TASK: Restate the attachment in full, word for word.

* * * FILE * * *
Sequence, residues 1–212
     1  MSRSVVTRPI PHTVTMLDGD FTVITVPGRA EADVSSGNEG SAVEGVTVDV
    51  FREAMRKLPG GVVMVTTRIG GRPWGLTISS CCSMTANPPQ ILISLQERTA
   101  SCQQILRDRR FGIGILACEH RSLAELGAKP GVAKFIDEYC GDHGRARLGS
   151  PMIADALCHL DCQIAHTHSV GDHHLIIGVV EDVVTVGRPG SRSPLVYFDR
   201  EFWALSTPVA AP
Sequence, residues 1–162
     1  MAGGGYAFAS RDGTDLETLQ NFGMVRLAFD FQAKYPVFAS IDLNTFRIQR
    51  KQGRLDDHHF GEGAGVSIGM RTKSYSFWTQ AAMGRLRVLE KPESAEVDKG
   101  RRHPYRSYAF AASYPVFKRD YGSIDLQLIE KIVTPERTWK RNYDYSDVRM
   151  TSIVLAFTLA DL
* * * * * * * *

Sequence, residues 1–212
     1  MSRSVVTRPI PHTVTMLDGD FTVITVPGRA EADVSSGNEG SAVEGVTVDV
    51  FREAMRKLPG GVVMVTTRIG GRPWGLTISS CCSMTANPPQ ILISLQERTA
   101  SCQQILRDRR FGIGILACEH RSLAELGAKP GVAKFIDEYC GDHGRARLGS
   151  PMIADALCHL DCQIAHTHSV GDHHLIIGVV EDVVTVGRPG SRSPLVYFDR
   201  EFWALSTPVA AP
Sequence, residues 1–162
     1  MAGGGYAFAS RDGTDLETLQ NFGMVRLAFD FQAKYPVFAS IDLNTFRIQR
    51  KQGRLDDHHF GEGAGVSIGM RTKSYSFWTQ AAMGRLRVLE KPESAEVDKG
   101  RRHPYRSYAF AASYPVFKRD YGSIDLQLIE KIVTPERTWK RNYDYSDVRM
   151  TSIVLAFTLA DL